The 1.25-inch Heim joints have been used on the diff-end of all suspension arms, with the factory rubber bushes left in place on the chassis-end. Why is this important? Because due to the high misalignment capabilities of the Heims, the rubber bushes barely have to take any of the strain under articulation. Dan tells us that even under full flex, the chassis-mount rubber bushes are ‘sitting flat as a tack’. This means that they will last a hell of a lot longer than they would under an ordinary rig with this amount of articulation.
The coils were dumped all around too, and swapped out for some top-shelf Fox Racing coilovers. Dan’s running 12-inch travel 2.5-inch units with Eibach coils in the front, and 3.0-inch 16-inch travel units with Wizard Performance custom coils in the back, along with triple bypass Fox shocks. This is the kind of gear you’d commonly find in top-flight off-road race trucks, and Dan lists them as his favourite mod.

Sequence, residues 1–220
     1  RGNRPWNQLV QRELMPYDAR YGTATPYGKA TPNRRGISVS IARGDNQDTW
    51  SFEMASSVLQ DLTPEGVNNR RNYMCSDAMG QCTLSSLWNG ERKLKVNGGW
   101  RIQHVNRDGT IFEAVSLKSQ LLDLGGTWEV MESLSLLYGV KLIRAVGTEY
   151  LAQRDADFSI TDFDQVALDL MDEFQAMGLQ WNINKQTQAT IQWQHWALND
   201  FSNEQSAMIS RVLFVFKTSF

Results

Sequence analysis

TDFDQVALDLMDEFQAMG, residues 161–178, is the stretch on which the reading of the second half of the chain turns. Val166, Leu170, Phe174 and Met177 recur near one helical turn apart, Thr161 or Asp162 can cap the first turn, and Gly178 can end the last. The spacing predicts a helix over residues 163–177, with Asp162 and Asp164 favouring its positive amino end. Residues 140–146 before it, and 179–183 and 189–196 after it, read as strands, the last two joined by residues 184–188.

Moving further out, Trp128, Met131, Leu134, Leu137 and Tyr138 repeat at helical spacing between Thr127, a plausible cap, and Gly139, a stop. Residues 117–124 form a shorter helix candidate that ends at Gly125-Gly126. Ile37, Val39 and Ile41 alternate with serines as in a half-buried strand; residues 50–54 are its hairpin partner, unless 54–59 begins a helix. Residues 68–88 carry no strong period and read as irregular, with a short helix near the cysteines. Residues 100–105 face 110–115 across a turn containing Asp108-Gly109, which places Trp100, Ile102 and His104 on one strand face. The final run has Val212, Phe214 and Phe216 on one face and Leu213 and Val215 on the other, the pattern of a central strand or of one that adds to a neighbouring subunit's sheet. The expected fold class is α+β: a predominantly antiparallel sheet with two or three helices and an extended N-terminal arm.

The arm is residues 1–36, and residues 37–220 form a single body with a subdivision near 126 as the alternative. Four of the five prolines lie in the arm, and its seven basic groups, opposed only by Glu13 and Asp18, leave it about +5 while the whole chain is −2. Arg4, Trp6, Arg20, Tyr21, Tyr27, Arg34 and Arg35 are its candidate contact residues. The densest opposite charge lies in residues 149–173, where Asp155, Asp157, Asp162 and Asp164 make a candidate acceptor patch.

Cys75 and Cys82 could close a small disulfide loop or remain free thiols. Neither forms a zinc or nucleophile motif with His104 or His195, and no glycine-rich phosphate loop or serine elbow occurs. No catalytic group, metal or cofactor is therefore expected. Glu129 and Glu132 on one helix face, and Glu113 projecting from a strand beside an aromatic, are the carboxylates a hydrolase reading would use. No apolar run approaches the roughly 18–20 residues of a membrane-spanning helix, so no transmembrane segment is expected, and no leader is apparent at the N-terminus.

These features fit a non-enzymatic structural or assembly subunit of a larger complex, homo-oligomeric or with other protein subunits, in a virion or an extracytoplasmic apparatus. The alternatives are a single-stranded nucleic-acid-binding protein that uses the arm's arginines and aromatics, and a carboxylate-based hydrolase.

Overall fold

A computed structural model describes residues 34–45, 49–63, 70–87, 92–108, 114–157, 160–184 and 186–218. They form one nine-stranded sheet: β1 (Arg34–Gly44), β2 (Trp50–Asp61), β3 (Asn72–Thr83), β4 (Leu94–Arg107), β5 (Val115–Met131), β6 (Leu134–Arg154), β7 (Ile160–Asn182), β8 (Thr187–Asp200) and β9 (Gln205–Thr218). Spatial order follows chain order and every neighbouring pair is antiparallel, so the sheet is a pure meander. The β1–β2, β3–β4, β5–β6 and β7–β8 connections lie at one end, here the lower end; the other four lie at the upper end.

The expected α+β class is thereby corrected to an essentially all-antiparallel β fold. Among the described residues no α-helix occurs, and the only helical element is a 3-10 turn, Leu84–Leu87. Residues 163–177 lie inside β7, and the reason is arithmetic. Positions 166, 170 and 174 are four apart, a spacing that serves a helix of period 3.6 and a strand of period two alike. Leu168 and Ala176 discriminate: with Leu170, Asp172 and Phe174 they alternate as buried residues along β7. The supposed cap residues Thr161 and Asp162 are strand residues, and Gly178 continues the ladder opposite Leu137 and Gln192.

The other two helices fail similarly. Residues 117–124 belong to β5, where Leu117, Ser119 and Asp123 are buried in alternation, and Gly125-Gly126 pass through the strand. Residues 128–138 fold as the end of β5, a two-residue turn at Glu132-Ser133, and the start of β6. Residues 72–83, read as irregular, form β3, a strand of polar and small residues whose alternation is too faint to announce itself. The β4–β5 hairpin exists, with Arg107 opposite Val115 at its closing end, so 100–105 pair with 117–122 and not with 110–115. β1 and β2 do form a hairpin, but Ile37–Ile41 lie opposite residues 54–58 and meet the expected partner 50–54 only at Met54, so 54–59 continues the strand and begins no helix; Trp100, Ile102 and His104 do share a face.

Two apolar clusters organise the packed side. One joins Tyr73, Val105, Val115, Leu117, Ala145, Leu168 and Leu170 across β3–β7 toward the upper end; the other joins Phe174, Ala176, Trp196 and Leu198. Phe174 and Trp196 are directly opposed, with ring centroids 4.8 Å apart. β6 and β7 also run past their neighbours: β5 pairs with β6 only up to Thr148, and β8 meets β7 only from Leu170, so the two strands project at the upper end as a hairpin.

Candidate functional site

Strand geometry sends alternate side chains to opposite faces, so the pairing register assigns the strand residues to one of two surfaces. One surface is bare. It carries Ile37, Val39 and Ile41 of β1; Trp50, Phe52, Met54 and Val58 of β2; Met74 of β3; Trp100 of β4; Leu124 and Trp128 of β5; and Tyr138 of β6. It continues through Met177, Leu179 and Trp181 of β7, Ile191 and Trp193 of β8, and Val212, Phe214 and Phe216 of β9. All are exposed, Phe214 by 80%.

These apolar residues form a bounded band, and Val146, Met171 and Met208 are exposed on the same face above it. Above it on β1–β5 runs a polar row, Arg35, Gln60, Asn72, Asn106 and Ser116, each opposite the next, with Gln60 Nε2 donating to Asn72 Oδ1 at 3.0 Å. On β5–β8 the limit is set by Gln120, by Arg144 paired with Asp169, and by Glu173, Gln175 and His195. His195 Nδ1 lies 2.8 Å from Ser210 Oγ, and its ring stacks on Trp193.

The whole suspension system works a treat; and in case you’re wondering, nope, there’s no bumpsteer or death wobbles at any speed on any terrain either. Not many big-lifted 4X4s can say that.
By now you’ve probably noticed that custom tray. Brent built it out of German-sourced steel tube. Apparently he refuses to work with Chinese steel, which the welders among us will know is notoriously unreliable in terms of quality. It’s a nifty design, allowing the main hoop stays to be removed for when Dan needs to fit extra gear on the back for a longer trip. It also allows three Pelican cases to be strapped down, which when added to the sunk-in toolbox gives an impressive amount of storage space.